Attraction and Love ch. 6.docx

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Department
Family Relations and Human Development
Course
FRHD 2100
Professor
Cindy Clarke
Semester
Winter

Description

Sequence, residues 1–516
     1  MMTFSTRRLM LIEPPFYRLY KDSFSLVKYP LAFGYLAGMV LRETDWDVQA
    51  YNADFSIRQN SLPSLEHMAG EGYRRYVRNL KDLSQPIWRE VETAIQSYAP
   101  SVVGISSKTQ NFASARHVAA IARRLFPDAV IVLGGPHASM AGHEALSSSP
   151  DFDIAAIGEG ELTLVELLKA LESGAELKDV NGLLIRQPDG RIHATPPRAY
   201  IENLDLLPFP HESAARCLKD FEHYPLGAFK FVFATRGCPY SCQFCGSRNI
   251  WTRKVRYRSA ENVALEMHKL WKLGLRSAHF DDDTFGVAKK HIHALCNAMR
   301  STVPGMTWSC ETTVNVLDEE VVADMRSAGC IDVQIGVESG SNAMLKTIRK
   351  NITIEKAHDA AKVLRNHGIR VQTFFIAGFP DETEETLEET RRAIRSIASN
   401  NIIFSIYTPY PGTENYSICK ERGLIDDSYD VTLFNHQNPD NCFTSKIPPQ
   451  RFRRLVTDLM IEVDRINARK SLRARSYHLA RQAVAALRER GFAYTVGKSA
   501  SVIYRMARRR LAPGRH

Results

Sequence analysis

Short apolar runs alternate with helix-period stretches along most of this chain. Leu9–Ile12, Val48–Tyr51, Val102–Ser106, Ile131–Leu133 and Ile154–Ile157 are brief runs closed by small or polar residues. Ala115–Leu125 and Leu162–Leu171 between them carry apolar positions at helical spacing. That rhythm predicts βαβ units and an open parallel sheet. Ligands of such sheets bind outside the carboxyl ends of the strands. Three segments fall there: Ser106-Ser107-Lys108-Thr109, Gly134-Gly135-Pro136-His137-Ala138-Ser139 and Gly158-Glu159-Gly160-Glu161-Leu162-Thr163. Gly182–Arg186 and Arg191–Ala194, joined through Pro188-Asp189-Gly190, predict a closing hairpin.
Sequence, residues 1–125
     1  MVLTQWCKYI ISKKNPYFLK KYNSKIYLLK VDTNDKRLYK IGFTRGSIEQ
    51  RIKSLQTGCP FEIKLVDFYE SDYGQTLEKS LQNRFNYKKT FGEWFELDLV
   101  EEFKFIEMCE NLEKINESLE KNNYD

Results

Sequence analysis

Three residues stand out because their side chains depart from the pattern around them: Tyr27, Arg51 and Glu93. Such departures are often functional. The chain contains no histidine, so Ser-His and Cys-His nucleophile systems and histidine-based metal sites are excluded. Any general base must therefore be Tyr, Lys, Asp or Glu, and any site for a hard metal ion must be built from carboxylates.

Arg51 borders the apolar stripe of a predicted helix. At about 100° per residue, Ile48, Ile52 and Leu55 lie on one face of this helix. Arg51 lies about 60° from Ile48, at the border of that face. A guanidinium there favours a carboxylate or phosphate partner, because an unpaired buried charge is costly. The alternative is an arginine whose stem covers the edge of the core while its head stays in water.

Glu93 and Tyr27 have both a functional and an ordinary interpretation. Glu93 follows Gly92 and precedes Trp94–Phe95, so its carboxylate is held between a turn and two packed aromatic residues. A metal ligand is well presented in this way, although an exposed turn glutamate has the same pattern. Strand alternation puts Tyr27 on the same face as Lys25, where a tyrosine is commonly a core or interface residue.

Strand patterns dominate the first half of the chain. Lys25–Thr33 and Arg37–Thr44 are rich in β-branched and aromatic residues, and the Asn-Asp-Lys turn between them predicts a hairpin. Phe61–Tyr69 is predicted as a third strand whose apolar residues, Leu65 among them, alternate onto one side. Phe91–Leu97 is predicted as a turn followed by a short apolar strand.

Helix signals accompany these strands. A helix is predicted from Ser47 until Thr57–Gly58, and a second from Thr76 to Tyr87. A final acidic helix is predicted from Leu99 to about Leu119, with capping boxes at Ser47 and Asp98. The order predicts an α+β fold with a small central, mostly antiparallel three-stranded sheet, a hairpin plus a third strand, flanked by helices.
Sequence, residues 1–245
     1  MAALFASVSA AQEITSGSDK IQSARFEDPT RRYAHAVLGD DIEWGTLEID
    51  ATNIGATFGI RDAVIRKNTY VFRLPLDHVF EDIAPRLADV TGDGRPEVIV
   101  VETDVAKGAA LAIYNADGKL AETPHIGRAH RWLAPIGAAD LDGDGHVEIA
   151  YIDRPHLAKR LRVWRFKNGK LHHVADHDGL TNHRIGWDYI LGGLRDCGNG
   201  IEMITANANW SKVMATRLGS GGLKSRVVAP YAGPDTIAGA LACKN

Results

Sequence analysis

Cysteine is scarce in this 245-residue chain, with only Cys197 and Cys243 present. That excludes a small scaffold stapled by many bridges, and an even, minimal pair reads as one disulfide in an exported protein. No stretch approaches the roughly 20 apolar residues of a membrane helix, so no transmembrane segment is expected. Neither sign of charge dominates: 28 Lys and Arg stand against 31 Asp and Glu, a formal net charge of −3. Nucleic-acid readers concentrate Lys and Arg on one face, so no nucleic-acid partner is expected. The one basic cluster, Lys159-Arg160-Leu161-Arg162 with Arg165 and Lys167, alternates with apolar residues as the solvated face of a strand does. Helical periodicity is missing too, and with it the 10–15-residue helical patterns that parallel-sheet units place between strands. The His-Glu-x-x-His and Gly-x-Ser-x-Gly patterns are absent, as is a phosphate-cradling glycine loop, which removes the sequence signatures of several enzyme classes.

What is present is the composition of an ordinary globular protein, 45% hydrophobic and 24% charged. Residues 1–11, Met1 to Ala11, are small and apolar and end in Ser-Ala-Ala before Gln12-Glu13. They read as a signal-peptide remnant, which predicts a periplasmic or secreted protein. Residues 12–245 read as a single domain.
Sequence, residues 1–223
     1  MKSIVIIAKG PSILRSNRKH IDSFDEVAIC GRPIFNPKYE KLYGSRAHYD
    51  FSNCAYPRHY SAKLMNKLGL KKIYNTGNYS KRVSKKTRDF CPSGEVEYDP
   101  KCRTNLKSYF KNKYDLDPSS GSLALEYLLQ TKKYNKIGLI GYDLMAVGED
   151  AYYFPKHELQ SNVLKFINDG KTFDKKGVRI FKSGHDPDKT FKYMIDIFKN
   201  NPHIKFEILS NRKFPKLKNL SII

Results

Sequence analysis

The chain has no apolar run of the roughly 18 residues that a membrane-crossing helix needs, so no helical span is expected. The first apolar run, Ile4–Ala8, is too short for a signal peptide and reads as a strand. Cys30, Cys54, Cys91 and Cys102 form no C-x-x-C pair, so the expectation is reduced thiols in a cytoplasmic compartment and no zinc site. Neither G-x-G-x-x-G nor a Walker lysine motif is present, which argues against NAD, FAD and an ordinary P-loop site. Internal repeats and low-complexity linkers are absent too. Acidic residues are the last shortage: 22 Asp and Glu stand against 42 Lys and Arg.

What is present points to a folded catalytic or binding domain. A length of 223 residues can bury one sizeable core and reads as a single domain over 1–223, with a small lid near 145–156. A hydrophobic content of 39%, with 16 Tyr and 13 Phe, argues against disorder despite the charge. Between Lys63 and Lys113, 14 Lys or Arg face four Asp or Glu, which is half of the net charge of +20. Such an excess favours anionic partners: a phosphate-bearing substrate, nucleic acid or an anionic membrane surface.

Attraction and Love Attraction  •  Do Opposites Attract, or Do Birds of a Feather Flock Together? –  Our partners tend to resemble us in terms of race and ethnicity, age, level of education and religion –  Opposites do not attract! –  Whydo we have partners from our own backgrounds? •  We live near people who are similar to ourselves •  We’re drawn to people whose attitudes are similar to our own –  Women place greater weight on similar attitudes, men on physical attractiveness –  We tend to assume people we find attractive share our attitudes –  Similarity may be important in determining initial attraction;  compatibility appears to be a stronger predictor of maintaining an intimate relationship •  Reciprocity: If You Like Me, You Must Have Excellent Judgment –  When we feel admired and complimented, we tend to return those feelings and behaviours –  May enable many couples to become happy with one another –  Can stoke neutral or mild feelings into robust, affirmative feelings of attraction •  Physical Attractiveness: How Important is it to Look Good? –  Physical attractiveness is a major determinant of interpersonal and sexual  attractiveness –  Some contend it is the key factor in consideration of partners  for dates, sex, and long­term relationships –  Importance is accentuated by the “what is beautiful is good” effect –  Is beauty in the eye of the beholder? •  What is considered attractive varies by culture •  In general, women consider taller men to be more attractive •  Thinness is valued in North American culture •  The hourglass figure is popular in Canada and in most other cultures (this varies by sexual orientation, however) •  What is considered attractive to women varies across the menstrual cycle •  How attractive women are perceived to be is also influenced by where they are in the menstrual cycle –  Non­physical traits and attractiveness •  How beautiful we find a partner is likely to be enhanced by traits such as familiarity, liking, respect, and shared values and goals •  Gender role orientation and expectations affect  perceptions of attractiveness •  Women’s judgments of themselves are closely related to how men perceived them –  What do you look for in a relationship? •  In selecting a long­term partner: – Women place relatively greater emphasis than men on  vocational status, earning potential, expressiveness, kindness, consideration, dependability, fondness for children •  Men give relatively greater consideration to youth, physical attractiveness, cooking ability, and frugality •  Women rate attractiveness as more important in choosing a casual sex partner •  In a spouse: – Men valued only one characteristic more highly  than women did: good looking – Women, more than men, valued such traits as: manages money well, is well educated and intelligent and shares your religion –  An evolutionary perspective on mate preference •  Some evolutionary psychologists believe evolutionary forces  favour the  continuation of gender differences in mate preference because these traits offer reproductive advantages •  Women’s reproductive value would be tied to youth and health •  Man’s might depend on his ability to provide for his family •  Critics suggest that  gender differences in mate preferences are maintained by male­ dominated social structures •  As cultures develop higher levels of gender equality, male and female standards of attractiveness will gradually change •  Some of these changes are occurring already Innovative Canadian Research  •  What do Women Want? –  Researchers at Queens University and the University of Victoria tested the hypothesis  that women who were more open to short­term sexual relationships would be more likely to prefer highly masculine male faces and bodies –  Researchers concluded that women associated higher levels of masculinity with healthier genes A World of Diversity  •  Cross­Cultural Beauty –  Some aspects of beauty appear to be largely cross­cultural •  E.g., female faces with large eyes, greater distance between the eyes,  small noses, narrower faces with smaller chins, high, expressive eyebrows, larger lower lips, and well­groomed, full heads of hair Sex Differences in Mate Preference Across 37 Cultures –  Buss(1994) reviewed survey evidence for preferred age differences between individuals and their mates –  In every culture: •  Men wanted mates to be younger and women preferred mates who were older •  Men placed greater value on physical attractiveness Innovative Canadian Research  Partner preferences and Age, 
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